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Despite unity deal, Zimbabwe struggles to confront problems

  • Story Highlights
  • Power-sharing deal was struck following bitter and bloody political violence
  • CNN, officially allowed back into Zimbabwe, finds problems still persist
  • United Nations says 1 in 14 Zimbabweans still suffers from malnutrition
  • Zanu PF, rival MDC refuse to approve some of each other's appointments
From Nkepile Mabuse
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(CNN) -- Zimbabwe's fragile power-sharing deal faces an uncertain future, one year after an agreement was signed between President Robert Mugabe and his political rival Prime Minister Morgan Tsvangirai.

Zimbabwean President Robert Mugabe met with a delegation from the European Union over the weekend.

Prime minister Morgan Tsvangirai pictured at an MDC rally in Bulawayo on September 13.

No official events were organized by either Mugabe's Zanu PF party or Tsvangirai's Movement for Democratic Change, on Tuesday, the anniversary of the deal. Instead both parties take issue with each other on the governance of the country.

For many Zimbabweans the situation during the past year has shown limited improvement, as international isolation continues to hit the economy, corruption is rife and food shortages continue.

An outbreak of cholera due to unsanitary conditions and crumbling infrastructure has also left more than 4,000 people dead since last year.

According to the United Nations one in every 14 Zimbabweans is malnourished. In the southwest, residents told CNN -- which was banned from Zimbabwe for much of the past decade but has now been officially allowed back into the country -- how they struggle on one meal of maize.

Ntombana Ngwenya, 72, is caring for six grandchildren whose parents she says are in South Africa struggling to find work.

Ngwenya says she only has enough food to last for the rest of the month and has to beg for food from neighbors "just to get a little bit of maize to make one bun for the children and give each one a little piece, or beg for some vegetables to give the children and then we go to sleep. That is how we survive." Video Watch how disunity has seen Zimbabwe's problems continue »

The power-sharing deal followed a presidential vote in March 2008, from which Mugabe, the incumbent president -- and ruler of Zimbabwe since independence from the UK in 1980 -- failed to draw enough votes to retake office.

But Tsvangirai withdrew from the presidential run-off vote scheduled for June 2008, alleging Mugabe supporters had used violence and intimidation against their opponents. Scores of opposition party supporters were beaten, tortured and killed.

A power-sharing agreement was eventually signed in September last year, but a government of national unity was only formed in February 2009, after Tsvangirai was sworn in as prime minister.

During a recent interview with CNN Tsvangirai expressed dissatisfaction with the implementation of the agreement. Now CNN understands that his party members are considering pulling out. "We are going to have to assess our options," Tsvangirai said. "We have a constituency and they expect nothing less than to see Zimbabwe progress on a democratic path."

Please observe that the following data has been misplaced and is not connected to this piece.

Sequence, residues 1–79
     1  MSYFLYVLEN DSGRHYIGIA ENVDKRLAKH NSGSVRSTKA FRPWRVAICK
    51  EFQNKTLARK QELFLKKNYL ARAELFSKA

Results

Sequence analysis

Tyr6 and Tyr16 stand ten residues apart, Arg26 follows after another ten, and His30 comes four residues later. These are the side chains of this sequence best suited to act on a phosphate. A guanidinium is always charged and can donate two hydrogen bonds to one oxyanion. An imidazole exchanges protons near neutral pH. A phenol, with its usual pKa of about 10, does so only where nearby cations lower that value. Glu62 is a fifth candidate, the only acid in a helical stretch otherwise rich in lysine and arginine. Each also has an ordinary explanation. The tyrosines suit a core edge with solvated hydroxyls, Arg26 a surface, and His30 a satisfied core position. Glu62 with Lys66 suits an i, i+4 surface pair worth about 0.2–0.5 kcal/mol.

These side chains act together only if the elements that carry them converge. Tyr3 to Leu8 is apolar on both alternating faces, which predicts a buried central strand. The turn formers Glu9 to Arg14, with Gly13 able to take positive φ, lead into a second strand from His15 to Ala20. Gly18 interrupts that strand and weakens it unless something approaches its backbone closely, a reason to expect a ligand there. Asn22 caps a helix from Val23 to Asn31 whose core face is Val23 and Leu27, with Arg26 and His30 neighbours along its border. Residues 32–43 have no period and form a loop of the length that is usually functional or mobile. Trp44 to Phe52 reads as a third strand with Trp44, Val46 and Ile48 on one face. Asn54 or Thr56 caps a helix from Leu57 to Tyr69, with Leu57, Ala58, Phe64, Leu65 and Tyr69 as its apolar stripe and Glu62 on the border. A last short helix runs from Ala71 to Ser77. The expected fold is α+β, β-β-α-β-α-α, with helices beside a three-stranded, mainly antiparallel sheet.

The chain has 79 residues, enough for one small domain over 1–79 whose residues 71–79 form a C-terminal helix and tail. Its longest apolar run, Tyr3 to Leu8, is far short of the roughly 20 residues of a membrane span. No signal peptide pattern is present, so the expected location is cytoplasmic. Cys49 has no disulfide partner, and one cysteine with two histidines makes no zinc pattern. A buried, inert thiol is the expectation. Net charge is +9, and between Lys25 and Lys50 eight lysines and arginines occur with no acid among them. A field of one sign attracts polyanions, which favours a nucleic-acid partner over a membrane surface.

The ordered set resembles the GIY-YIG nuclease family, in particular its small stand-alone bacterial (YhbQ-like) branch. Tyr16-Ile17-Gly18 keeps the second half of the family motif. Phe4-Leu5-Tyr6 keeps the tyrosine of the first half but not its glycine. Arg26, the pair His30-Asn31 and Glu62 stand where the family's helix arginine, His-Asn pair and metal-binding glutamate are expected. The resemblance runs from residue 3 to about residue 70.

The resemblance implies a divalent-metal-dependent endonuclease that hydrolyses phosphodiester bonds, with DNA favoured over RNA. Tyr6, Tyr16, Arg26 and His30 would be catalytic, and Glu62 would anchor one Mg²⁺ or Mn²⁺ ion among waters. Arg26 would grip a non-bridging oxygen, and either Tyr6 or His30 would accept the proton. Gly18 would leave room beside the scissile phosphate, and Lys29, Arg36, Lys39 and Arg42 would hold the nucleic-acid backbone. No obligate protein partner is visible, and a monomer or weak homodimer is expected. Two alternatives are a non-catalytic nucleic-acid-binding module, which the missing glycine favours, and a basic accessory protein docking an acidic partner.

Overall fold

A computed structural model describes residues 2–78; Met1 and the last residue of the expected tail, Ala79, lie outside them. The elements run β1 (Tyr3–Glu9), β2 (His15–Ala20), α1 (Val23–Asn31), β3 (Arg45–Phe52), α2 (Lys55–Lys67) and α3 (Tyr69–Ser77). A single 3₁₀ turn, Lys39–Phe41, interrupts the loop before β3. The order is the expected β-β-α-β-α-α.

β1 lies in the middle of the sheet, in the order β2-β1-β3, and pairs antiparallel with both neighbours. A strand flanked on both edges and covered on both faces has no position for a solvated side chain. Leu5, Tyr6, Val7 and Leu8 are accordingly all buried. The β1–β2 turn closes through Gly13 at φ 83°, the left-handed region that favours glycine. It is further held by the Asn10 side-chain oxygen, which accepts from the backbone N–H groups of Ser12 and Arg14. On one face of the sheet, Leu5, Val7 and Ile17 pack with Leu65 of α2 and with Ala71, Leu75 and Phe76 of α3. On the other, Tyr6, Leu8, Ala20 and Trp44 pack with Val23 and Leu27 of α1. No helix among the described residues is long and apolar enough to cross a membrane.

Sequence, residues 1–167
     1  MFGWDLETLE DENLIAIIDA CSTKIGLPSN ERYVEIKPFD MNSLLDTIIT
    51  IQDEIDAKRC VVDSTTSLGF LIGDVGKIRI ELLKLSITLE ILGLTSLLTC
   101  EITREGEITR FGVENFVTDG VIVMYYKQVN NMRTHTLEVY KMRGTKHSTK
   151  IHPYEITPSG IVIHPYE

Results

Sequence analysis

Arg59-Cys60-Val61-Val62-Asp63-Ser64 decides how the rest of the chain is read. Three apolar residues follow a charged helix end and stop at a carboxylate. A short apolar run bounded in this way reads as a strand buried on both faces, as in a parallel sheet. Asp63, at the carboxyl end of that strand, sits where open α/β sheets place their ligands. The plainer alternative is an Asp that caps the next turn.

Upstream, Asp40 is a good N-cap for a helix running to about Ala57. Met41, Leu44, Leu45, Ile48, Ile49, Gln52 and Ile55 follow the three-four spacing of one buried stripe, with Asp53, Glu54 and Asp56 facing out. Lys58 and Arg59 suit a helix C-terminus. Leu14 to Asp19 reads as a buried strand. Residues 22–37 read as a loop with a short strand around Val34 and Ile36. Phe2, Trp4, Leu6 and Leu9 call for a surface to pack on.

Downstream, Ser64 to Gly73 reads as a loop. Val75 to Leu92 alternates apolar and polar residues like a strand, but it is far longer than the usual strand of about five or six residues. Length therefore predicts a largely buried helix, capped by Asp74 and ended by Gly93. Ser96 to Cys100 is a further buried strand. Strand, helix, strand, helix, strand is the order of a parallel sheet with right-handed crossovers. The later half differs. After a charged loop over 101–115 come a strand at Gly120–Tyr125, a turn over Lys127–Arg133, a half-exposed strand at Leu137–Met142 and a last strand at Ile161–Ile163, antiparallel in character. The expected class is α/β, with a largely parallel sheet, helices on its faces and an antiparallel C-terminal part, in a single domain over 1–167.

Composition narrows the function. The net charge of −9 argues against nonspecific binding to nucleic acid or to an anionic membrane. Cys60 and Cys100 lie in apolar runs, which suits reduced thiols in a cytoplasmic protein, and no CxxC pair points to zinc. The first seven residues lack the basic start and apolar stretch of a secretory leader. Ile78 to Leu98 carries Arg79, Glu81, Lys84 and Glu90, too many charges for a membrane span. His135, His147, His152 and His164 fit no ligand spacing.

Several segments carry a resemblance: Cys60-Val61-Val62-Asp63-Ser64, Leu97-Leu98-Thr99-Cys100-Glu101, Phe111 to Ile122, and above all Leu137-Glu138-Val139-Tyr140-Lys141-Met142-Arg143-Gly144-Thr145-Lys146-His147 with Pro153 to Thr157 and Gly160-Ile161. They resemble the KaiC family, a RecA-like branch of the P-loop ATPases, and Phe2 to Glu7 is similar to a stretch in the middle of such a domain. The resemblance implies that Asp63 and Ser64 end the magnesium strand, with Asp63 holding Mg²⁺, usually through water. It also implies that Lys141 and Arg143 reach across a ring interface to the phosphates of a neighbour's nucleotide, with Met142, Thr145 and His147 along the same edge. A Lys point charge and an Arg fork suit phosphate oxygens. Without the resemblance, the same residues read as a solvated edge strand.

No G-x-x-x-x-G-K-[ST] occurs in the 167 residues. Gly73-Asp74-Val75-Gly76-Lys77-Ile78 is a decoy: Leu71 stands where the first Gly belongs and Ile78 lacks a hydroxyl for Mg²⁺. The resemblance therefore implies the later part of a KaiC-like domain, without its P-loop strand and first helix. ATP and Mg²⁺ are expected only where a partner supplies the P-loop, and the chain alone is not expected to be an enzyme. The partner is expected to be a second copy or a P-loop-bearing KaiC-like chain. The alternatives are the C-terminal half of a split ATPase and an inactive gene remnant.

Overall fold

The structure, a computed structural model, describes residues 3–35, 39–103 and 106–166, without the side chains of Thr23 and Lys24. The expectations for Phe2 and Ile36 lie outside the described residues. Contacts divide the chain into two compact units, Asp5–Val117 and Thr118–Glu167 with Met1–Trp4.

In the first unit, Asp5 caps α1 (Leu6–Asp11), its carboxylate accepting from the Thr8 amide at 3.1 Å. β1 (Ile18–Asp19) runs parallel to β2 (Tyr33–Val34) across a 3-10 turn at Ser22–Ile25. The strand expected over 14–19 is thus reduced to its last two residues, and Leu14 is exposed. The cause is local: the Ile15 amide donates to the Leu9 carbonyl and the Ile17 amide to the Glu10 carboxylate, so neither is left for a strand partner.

In the capital Harare, food shelves which were empty last year have been filled again, while overall production has increased from about 5 percent in February to between 20 and 30 percent now. Hyperinflation is no longer at its peak of 200 million percent, when bank customers found the value of withdrawn savings was less on leaving the bank than when they entered.

Soon after becoming finance minister leading MDC lawmaker Tendai Biti abandoned the Zimbabwe dollar, opting to use multiple foreign currencies instead. Civil servants are paid in U.S. dollars, while Zimbabweans abroad send foreign cash back to relatives.

But many Zimbabweans do not have access to foreign money. In towns like Umguza principal Nkululeko Ndlovu explains how some parents pay school fees in livestock because they do not have foreign currency -- even though he has reduced fees from $24 to $8 dollars a year.

MDC lawmakers continue to be harassed and arrested. The party's candidate for deputy agriculture minister, Roy Bennett, a longtime opponent of the Zanu PF party, has yet to be sworn in and instead faces charges of sabotage.

"The delay which is taking place for his swearing in is deliberate, to frustrate him to frustrate our constituency to send a message look we can do this we can do this unilaterally and that is what we are trying to oppose," says Tsvangirai.

Mugabe has argued that Bennett cannot be sworn in until he is cleared of the allegations.

Meanwhile the MDC has rejected the reappointments of the governor of the reserve bank and the attorney general. It claims Zanu PF has used the roles to abuse Zimbabwe's finances and prosecute political enemies.

Zanu PF counters that the appointments were made before Tsvangirai became prime minister -- despite the power-sharing deal stating that Mugabe needed to consult Tsvangirai.

Mugabe's minister of state for presidential affairs Dydimus Mutasa told CNN: "Mr. Tsvangirai's concern is no concern at all because these people were appointed before Mr. Tsvangirai was appointed and how could our president consult a person who was not there."


Many fear that the MDC might quit the unity government, creating a leadership vacuum that can only be filled by a coup or an election. But Zimbabweans are too traumatized to face another vote and are still struggling to draw up a new constitution.

Hope is what has helped many Zimbabweans survive the brutality of their country's politics so far -- and it is hope that they continue to hold on to as they stare at an uncertain, and often scary, future.

All About Robert MugabeZimbabweMorgan Tsvangirai

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